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Prime Minister Stephen Harper pours pints of beer at the Red Stag tavern during a campaign stop in Halifax, Thursday March 31, 2011. (Adrian Wyld/The Canadian Press/Adrian Wyld/The Canadian Press)
Prime Minister Stephen Harper pours pints of beer at the Red Stag tavern during a campaign stop in Halifax, Thursday March 31, 2011. (Adrian Wyld/The Canadian Press/Adrian Wyld/The Canadian Press)

Globe/CTV/Nanos Poll

Regional poll numbers could 'turn over a lot of seats' for Harper Add to ...

This week's surprise jump in support for the Liberals - at the expense of the NDP - has largely held for a second night in a row as nightly tracking by Nanos Research for the Globe and Mail and CTV shows little change in the national numbers.

Yet a closer look at the regional numbers shows the Conservatives have plenty of reason for optimism. Strong support in Ontario and British Columbia may just be enough to win Stephen Harper the majority he says his party needs.

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"At 39 per cent support, they're close to a majority," pollster Nik Nanos said.

The Conservatives are in front with 39.4 per cent (up from 39.1 per cent the day before), followed by the Liberals at 31.7 per cent (down a point from 32.7 per cent), the Bloc Quebecois at 8.5 per cent (from 8.7 per cent), the NDP at 16.1 per cent (from 15.9 per cent) and the Greens at 4.4 per cent (up from 3.7 per cent).

The results are based on a rolling three day survey of 1,200 Canadians from March 29-31.

The early days of Mr. Harper's tour has made no secret of the fact that the party is hoping to win new seats in Ontario - particularly the suburban ridings of the Greater Toronto Area.

The regional support numbers by Nanos Research appear to show those efforts are paying off. Support for the Conservatives in Ontario is higher now (47.2 per cent) than it was when Nanos Research polled Canadians on March 15, before the campaign began. At that time, Conservatives had 43.2 per cent support in Ontario.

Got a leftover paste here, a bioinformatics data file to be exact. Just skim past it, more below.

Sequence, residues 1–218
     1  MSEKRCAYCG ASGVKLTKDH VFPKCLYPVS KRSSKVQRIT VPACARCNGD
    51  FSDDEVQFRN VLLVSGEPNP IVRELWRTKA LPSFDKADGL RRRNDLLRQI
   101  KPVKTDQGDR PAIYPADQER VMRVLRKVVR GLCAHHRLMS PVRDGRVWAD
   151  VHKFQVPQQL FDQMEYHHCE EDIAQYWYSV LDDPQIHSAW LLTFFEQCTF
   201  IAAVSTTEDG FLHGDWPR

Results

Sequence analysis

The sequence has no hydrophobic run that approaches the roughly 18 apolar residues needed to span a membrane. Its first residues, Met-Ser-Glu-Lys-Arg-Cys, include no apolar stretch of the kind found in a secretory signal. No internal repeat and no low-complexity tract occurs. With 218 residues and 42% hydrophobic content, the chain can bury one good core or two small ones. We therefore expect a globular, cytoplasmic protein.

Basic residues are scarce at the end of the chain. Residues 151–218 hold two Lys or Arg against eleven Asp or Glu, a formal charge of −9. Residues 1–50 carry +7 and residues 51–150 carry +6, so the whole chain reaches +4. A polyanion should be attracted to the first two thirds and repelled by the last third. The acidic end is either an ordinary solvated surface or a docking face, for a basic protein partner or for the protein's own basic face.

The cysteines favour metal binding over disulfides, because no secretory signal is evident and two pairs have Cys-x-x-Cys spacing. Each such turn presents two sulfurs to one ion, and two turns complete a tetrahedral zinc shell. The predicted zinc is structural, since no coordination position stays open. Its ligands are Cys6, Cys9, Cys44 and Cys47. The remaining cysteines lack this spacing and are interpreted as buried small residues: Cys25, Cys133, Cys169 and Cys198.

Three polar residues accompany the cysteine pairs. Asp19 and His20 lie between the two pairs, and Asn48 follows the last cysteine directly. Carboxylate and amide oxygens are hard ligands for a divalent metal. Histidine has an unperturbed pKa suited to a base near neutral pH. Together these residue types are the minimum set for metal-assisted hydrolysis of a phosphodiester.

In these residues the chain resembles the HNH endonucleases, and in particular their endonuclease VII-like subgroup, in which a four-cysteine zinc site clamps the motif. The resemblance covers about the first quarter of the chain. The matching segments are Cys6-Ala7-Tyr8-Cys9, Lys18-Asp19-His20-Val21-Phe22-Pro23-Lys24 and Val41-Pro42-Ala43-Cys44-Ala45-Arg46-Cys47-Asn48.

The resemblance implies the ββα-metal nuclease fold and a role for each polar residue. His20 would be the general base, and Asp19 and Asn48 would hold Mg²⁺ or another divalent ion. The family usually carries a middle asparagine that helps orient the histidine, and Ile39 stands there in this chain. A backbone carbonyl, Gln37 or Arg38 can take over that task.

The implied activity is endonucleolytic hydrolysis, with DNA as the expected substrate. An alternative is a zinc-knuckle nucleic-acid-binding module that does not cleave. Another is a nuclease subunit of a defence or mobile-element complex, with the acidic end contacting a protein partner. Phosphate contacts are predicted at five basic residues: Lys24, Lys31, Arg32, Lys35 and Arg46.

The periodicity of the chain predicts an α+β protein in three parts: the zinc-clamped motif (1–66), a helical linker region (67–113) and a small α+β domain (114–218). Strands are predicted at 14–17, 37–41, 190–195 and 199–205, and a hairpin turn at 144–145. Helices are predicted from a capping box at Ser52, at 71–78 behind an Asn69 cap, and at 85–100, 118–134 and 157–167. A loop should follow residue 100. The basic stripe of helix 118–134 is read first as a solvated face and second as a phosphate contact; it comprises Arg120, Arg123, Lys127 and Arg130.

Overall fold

The Liberal support in the province is holding steady at about 32.7 per cent, while NDP support is on a downward trend, sitting at 15.8 per cent. The Greens are at 4.2 per cent.

It is rare for the Conservatives to enjoy a 15 point lead in Ontario. Mr. Nanos said if that support holds, it will make a big difference in the campaign.

"It's going to turn over a lot of seats," he said.

In British Columbia, another province with several tight races that could have a major impact on Election Day, Conservatives enjoy a 10 point lead over the Liberals. Conservative support is at 40.1 per cent support in B.C., followed by the Liberals at 29.7 per cent and the NDP at 20.4 per cent. Prior to the campaign, the NDP was polling slightly ahead of the Liberals in B.C., but Liberals have beat out the NDP in B.C. in all three of the daily Nanos Research surveys released this week.

The Green Party's campaign is almost entirely focused on getting party leader Elizabeth May elected in the Vancouver Island riding of Saanich-Gulf Islands. Regional support for the Greens in B.C. is at 9.8 per cent.

In other regional races, the Liberals enjoy a big lead in Atlantic Canada at 46.9 per cent, followed by the Conservatives at 30.6 per cent, the NDP at 19.7 per cent and the Greens at 2.9 per cent.

In Quebec, Nanos Research numbers show a downward trend in support for the Bloc (now at 35.6 per cent), and slight upward trends for the Liberals (at 26.5 per cent) and the Conservatives (at 22.1 per cent). Support for the NDP in Quebec has been largely stable since March 15 and is now at 13.6 per cent while the Greens are at two per cent.

Finally, the large Conservative lead in the Prairies continues to hold. The Tories are well in front with 51.6 per cent support, followed by the Liberals at 30 per cent, the NDP at 14.6 per cent and the Greens at 3.9 per cent.

Each night a new group of 400 interviews is added to the sample and the oldest group of 400 is dropped, producing a rolling average.

Nanos reports that its margin of error for a survey of 1,200 respondents is plus or minus 2.8 per cent, 19 times out of 20. The margin of error increases with regional numbers, which are drawn from smaller samples.

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